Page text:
Photos: Chris Bangle / BMW / Mini

The American designer ushered BMW, Mini and Rolls Royce into the 21st century with his radical moves and forward thinking; today, he is working in his own studio, situated on a farm near Torino, specialising in projects and ideas that physically or emotionally move the world

In early February 2009, unexpected news broke from Munich: Chris Bangle resigned as chief of design for BMW Group. It was the end of a 17-year-long era, which left its mark on many models and served as an example for competition to follow. The radical moves that the American designer used in order to create a new identity for the Bavarian carmaker – ushering BMW, Mini and Rolls Royce into the 21st century – often came under criticism from traditionalists. Journalists coined a new term, the Bangle Angle, but everybody had to give in before the record-breaking results BMW achieved in the market.

Following an almost thirty-year-long designer career – started at Opel in the early 1980 and continued at Fiat, where he was entrusted with heading the designer department, before moving on to BMW – Bangle decided to focus on his own designer challenges. In the north of Italy, not far from Torino, he set up his own studio on an old farm, which has become the headquarters of a design consulting company, specialising in projects and ideas that physically or emotionally move the world.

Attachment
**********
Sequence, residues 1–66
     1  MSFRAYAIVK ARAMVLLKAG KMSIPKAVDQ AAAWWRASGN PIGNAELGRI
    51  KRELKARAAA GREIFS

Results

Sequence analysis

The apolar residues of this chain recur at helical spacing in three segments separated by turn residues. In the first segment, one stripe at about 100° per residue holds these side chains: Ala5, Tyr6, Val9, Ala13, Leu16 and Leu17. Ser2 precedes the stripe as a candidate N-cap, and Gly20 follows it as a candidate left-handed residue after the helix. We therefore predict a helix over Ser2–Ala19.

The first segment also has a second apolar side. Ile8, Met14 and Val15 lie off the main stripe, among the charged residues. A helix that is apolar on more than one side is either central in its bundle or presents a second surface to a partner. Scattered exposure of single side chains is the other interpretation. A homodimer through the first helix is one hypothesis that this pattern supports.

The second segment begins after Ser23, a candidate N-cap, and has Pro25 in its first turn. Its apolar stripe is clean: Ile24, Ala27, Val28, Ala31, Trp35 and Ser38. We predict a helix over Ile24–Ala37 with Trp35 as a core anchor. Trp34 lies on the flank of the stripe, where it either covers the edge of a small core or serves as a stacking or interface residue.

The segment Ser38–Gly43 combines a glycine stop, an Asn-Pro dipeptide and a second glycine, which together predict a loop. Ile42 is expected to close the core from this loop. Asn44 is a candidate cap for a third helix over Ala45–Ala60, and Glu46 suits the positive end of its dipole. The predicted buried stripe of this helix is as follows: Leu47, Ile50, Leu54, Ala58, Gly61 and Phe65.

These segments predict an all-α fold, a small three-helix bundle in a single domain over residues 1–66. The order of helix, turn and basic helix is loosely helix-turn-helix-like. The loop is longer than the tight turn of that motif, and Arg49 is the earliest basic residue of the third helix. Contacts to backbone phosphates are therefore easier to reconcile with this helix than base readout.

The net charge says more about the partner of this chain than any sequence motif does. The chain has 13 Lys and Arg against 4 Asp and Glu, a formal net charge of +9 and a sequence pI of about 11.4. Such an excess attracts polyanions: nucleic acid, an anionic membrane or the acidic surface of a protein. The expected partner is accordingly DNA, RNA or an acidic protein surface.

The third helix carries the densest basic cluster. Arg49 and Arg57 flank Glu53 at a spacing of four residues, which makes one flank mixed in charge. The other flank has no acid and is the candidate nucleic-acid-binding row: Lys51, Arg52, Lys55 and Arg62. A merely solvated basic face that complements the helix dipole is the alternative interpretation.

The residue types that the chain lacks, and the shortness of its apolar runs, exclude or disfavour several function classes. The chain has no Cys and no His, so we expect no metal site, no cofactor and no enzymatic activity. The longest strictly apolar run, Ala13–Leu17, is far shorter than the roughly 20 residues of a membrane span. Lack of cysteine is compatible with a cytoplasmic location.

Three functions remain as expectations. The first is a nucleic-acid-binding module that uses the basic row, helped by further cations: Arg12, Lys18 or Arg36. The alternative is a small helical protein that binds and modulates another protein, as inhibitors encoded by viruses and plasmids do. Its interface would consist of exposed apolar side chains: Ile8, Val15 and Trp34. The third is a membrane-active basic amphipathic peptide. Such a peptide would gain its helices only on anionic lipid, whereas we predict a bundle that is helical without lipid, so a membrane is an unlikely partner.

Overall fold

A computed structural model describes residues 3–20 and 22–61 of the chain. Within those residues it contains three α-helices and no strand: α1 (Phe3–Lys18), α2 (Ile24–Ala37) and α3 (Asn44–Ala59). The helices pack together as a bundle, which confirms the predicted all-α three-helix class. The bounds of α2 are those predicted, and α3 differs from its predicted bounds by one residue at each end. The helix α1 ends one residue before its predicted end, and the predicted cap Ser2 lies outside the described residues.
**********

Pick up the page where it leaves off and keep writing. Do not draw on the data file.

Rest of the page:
– For designers, cars are like avatars, and this may sound like a lack of strength or resilience, but if you approach things with passion, it can become very painful. You have to immerse yourself in the project, and when it’s not accepted, you feel a loss, and this is normal; but when you are a manager, then this loss is multiplied. You never know which of the projects on the platform will reach production. And the manager’s position is very unusual in all this. You work on projects, you sign them, but you shouldn’t take all the credit because other people’s work is behind them as well. At the same time, it’s all pretty stressful. Not only because of the pressure you feel (although the mistakes come to light after two or three years), but the problem is that you lose your identity over time. You change your personality because of the massive need to identify with the product, and, in a way, you become part of not only one product, but a dozen of them. When I turned 45, I became aware of this somewhat unhealthy situation and so I decided to leave before I turn 50. Before I get hit by a train in the form of a heart attack or something like it.

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